djamieson Now is the time to take testing of newborns closer to their mother

Pilots have shown that early infant diagnosis can be moved closer to the point of care

by David Jamieson, PFSCM Senior Supply Chain Advisor

We have known for years that if babies born with HIV do not receive treatment, more than 50 percent will die before their second birthday, but we also know that when treated, they can grow into healthy adults. Until very recently, a big challenge has been reaching mothers and their new babies soon enough, testing baby, and getting the results back to mom. Reliable diagnosis could only be completed in larger laboratories, meaning blood samples had to be transported to the lab, kept fresh for testing, and then the results returned — by which time, mother and baby were probably back in their village and might never get the result.

Photo credit: Fabrice Duhal

Recent work by WHO, CDC, and UNITAID means that this is all about to change. WHO and CDC have pre-qualified two point-of-care (POC) instruments: the Alere™q and the Cepheid GeneXpert® (both are and WHO Prequalified). And UNITAID is funding an Early Infant Diagnosis (EID) Consortium, initially to pilot test POC EID in Kenya, Malawi, Mozambique, Tanzania, South Africa, and Zimbabwe, and then to scale up the model if the pilot proved the concept.

The great news is that, yes, the pilot was successful, and as the Elizabeth Glaser Pediatric AIDS Foundation (EGPAF) reports, now is the time to accelerate scale-up and usage. UNITAID’s EID Consortium, EGPAF, Clinton Health Access Initiative (CHAI), UNICEF, and Médecins Sans Frontières (MSF) are now working with local governments and stakeholders to get the rollout moving, but we can all be involved.

Although these new instruments get a lot closer to mother and baby, it is not practical to put a machine in every location. The experience of the rollout of CD4 POC instruments is that many lay idle for long periods because of low demand. With EID, it will be important to learn the lessons from CD4. One thing that is clear is that to accelerate EID, we will need multiple inputs from many stakeholders.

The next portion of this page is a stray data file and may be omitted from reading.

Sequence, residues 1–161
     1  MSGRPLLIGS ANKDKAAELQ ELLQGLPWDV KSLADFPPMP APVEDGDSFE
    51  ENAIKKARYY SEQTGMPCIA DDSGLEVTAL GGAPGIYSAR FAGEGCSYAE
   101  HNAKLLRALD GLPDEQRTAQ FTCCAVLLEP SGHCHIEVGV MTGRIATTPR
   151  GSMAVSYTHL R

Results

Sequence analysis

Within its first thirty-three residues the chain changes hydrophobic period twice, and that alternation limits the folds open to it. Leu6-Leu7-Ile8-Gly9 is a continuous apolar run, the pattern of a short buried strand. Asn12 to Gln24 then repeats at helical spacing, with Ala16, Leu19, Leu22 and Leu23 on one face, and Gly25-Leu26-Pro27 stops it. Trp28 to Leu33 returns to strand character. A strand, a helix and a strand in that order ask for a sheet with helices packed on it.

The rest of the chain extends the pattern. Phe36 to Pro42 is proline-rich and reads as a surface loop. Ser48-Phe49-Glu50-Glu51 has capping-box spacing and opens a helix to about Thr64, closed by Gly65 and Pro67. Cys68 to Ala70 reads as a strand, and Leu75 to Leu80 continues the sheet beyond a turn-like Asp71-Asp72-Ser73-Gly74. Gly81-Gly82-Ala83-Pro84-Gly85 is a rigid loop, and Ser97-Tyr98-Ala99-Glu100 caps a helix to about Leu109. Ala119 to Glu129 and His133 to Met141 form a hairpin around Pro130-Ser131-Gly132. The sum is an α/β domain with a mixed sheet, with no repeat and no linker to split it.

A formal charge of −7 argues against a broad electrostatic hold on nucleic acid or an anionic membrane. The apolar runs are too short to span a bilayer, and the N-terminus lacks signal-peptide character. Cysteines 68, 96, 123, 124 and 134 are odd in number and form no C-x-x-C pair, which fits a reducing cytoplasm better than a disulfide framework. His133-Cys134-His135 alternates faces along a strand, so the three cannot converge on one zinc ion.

How PFSCM can contribute to scaling up POC EID

PFSCM has always been firmly committed to improving the care, detection, and treatment of the youngest patients. Drawing on our expertise in managing global supply chains and optimizing laboratory networks, our contribution will be to ensure that the supply chain doesn’t let these patients down; that smart network design places these new instruments where they will make the most difference; and that results get back to mom and her health caregivers at the earliest opportunity. Specifically, we can:

  • Use software and GIS technology to design smart networks of laboratory-based instruments and POC diagnostics to reach as many mothers and babies as possible;
  • Consolidate supply chains to deliver complete packages of commodities needed for each and every test; and
  • Apply our expertise in data management and mobile technology to get the results back to mother and baby quickly.

The growing success of PMTCT (prevention of mother-to-child transmission) means that fewer babies are being born with HIV, but for those who are, EID is essential. And PFSCM can help ensure that pediatric antiretrovirals (ARVs) are available to treat babies born with HIV. (We will cover pediatric treatment in subsequent blog posts.)

PFSCM strongly supports the goal of an AIDS-free generation, and the three “frees” — start free, stay free, AIDS free.

 

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